While Becky and Michael visited us in Italy, we ventured down to Praia a Mare one afternoon, a beach town in Calabria.  A swim in the Mediterranean and a lie on the beach in the blazing sun had us looking for relief from the sun, a cold drink and a bite to eat. Although the holiday season was coming to an end and many restaurants along the beach had shut down for the season, we did find one at the very end of the beach road.  No air conditioning inside, but it did offer a welcome respite from the hot day and we were hungry and thirsty. Unfortunately, pasta and salad was all we could order as Carlo the pizza chef/owner was off for the day, but our server proudly pointed to a large poster/mural on the back wall depicting this international award winning pizzaiolo. We ordered our pasta and cold drinks and then took a closer look at the restaurants wall of fame.

Imagine my surprise when I saw the international competition he’d won was the Canadian Pizza Chef of the Year 2014 and 2015, sponsored by Canadian Pizza Magazine.  Pictures of him in Italy and in Canada made me feel just a little closer to home and just a little bit proud to share him.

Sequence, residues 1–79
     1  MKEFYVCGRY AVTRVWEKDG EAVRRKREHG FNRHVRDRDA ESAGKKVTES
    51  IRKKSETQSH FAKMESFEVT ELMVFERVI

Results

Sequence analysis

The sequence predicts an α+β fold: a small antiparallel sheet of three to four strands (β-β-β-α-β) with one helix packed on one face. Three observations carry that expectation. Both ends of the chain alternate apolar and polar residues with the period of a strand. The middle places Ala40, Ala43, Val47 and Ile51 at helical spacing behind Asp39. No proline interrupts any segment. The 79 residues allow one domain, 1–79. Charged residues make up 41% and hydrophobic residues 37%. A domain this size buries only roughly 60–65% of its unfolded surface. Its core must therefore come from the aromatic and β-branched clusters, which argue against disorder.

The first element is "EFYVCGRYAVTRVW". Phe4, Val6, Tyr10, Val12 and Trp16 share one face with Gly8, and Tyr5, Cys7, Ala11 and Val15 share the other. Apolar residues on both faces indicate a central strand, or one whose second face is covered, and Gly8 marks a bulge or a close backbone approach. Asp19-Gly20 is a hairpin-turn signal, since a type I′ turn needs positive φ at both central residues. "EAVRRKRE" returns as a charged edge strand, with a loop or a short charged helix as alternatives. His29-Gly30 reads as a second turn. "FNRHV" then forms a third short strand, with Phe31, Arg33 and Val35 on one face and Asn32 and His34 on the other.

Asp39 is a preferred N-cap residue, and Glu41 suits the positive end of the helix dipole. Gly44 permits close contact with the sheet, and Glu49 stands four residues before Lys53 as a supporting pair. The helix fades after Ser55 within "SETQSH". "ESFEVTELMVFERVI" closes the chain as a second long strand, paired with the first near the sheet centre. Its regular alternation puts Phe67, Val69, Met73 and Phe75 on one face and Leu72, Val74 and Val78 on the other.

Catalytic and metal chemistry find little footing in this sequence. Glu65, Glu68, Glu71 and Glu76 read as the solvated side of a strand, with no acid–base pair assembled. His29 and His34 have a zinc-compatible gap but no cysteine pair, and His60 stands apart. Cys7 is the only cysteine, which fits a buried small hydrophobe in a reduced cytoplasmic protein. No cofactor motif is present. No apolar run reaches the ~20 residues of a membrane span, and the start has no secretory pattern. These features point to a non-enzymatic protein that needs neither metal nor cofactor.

Smack dab in  the middle of a small town  in southern Italy and we’d stumbled upon a Canadian connection – sometimes the world seems ridiculously small.

A few minutes later our server returned to point out a young family sitting close to us.  This was Carlo Raillo, the master pizza chef with his Canadian wife and daughters.  Apparently, they come back to Praia a Mare every August, the busiest month of the year in Italy, to work in the family restaurant. This year had been extra hectic for him as he’d had to leave Alberta during the opening of his new restaurant home Buco Pizzaria and Vino in St. Albert, Alberta, Canada. Carlo Raillo Sept 2015

Carlo and his family were lovely and while he seemed quiet and reserved, his lovely and obliging wife spoke to us at length about his work, obviously very proud of his accomplishments both in Italy and Canada. They were leaving in a couple of days to go back to Alberta. His daughters were two little cuties, each with dark eyes and a head full of curls. They quietly ate their lunch, then while the 4 year old played and scampered around, the 1.5 year old sat in the arms of one of the employees (probably a relative) at the reception desk, seemingly completely in charge and confident in her abilities to run the restaurant. The restaurant business must be in the blood.  My money is on the youngest one to run the business side of things (she has a mean way with a  calculator and an affinity for handling a phone), while the older one will wear the master chef’s apron.

We left the restaurant not having tasted his pizza, but were invited back that evening as it was his last there for 2015.  Sadly, we could not come as we had a long drive home.

As of just a few days ago, it seems he may have nabbed the 2016 title also.

Bravo Carlo – Canada and Italy are very proud.